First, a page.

Herbie Girardet Explains His Support for ecosequestrust

Herbie Girardet Explains His Support for ecosequestrust

We live on a planet out of balance. Currently we release 10 billion tons of carbon into the atmosphere, and the earth can only absorb ½ of that. This is causing climate change and a great variety of man-made disasters.

To stabilize global temperatures, carbon emissions must ultimately not exceed what can be absorbed by the earth’s vegetation, its soil and the oceans. How can we enhance the Earth’s capacity to absorb carbon while our growing, predominantly urban population demands ever more natural resources?

In 120 years human populations have grown 5 fold, but resource consumption has grown 20 fold; 7 billion currently, 9 billion by 2050, 75% living in cities, ½ living below the poverty line

Cities currently operate as linear systems. Resources flow in and out with little concern about where they come from and where wastes end up. This linear approach is utterly unsustainable.

Fossil fuels extracted from rock strata, refined, burned, -waste gases flow into the air. Raw materials processed into consumer goods and end up in the rubbish. In forests trees are felled for their timber or pulp-and not replenished. Nutrients and carbon are taken from farmland as food is harvested, processed and eaten. The resulting sewage – with or without treatment is discharged into rivers and coastal waters polluting them with toxic waste.

Since the industrial revolution we have put more and more carbon into the atmosphere by burning coal, gas and oil. At the same time we have damaged soils and destroyed forests, reducing the earth’s capacity to absorb surplus carbon. This IS the central issue that the Ecological Sequestration Trust will address – how do we enhance nature’s capacity to absorb carbon while restoring the world’s ecosystems at the same time?

We need to move to a closed system that takes its inspiration from nature –where waste does not exist. Every output by a living organism is also an input which replenishes the whole environment. On a rapidly urbanizing planet, we need to copy the ecology of natural systems to assure our own long-term viability.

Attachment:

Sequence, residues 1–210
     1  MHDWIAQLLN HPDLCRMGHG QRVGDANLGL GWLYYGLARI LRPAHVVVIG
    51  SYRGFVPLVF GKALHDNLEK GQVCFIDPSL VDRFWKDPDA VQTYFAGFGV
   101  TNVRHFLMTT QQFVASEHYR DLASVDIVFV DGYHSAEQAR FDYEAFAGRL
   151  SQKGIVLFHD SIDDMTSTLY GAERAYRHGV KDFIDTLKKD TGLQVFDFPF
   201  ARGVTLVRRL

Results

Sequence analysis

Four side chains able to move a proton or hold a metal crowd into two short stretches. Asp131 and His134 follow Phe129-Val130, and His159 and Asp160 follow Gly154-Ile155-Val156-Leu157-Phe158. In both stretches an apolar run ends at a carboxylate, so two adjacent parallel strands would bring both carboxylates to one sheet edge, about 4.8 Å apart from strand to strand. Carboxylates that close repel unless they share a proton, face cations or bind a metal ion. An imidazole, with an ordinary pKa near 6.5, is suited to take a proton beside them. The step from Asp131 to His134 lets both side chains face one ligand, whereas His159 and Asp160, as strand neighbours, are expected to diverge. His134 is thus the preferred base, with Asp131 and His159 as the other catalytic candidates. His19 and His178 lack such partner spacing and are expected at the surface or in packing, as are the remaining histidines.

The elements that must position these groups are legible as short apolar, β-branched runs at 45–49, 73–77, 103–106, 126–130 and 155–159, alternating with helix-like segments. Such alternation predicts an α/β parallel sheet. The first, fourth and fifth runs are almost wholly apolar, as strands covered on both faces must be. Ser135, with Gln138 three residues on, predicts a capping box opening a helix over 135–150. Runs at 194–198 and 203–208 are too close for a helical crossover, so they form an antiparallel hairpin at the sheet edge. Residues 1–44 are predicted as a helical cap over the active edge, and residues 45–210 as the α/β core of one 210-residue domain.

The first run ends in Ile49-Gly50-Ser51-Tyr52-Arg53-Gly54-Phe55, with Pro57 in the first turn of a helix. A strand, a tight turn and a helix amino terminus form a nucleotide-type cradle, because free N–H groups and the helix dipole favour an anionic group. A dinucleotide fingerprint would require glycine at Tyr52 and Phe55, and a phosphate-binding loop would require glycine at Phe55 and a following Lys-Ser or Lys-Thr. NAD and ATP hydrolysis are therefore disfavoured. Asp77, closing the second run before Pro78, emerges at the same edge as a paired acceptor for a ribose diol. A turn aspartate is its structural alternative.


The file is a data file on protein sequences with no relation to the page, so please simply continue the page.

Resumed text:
Our, modern cities depend on vast inputs of energy, and while much of this will come from renewables – such as wind, solar, biomass and geothermal – coal and gas-fired power stations will be in use for many years. The Ecological Sequestration Trust proposes that the carbon output from these power stations can help to restore the world’s ecosystem while we transition from fossil fuel dependence to renewable energy systems.

The Ecological Sequestration Trust proposes a fully integrated, urban-rural system based on algae farms and anaerobic digesters as a viable, alternative option. One of the Trust’s proposals is that we build large-scale algae farms next to power plants and use their CO2 emissions to feed them. Once we have grown and harvested the algae, which takes only 2 DAYS, we input them into an anaerobic digester that breaks down the organic material and outputs:

-Biogas for electricity
-Biomethane for heating, cooling and vehicle fuel
-Compost to restore nitrogen and phosphorus to soil

On our nutrient rich soils we can grow organic food for the surrounding community, and also trees which will absorb more of the excess co2. We can also reclaim the water we have used to grow the algae to create healthy drinking water for the local community.

Basically the Ecological Sequestration Trust demonstrates the advantages of a closed system with zero waste. The systems benefits are three-fold; creating an affordable energy source while we transition to other renewables; capturing and absorbing carbon out of the air; and creating community benefits through local food production. At its core, the Ecological Sequestration Trust rebuilds natural ecosystems by putting carbon and nutrients back where they belong-in living matter. Now isn’t that a good idea.

The integrated urban – rural resource use model we propose links to wider initiatives of reforestation and soil restoration now being undertaken across the world. Here, in the headwaters of the Yellow River in China, large scale reforestation has minimized soil erosion and greatly improved the living conditions of local farming communities, as well as storing millions of tons of carbon every year.

Collectively we can integrate all of these approaches into one productive holistic system, linking cities with their local regions and areas beyond.

Scientists have warned us about the consequences of climate change for many years, but we have not responded adequately. Now we are facing a triple crunch: we are heading towards food, energy, and water emergencies at the same time. The solutions we propose are very ambitious and will be expensive. But in reality they may be our only option – if life on earth, and human life, is to have a viable future. In conjunction with energy efficiency and renewable energy, eco-sequestration offers tremendous opportunities for creating a resilient world: one in which we can look to the future for the worlds children, not with anxiety, but with confidence.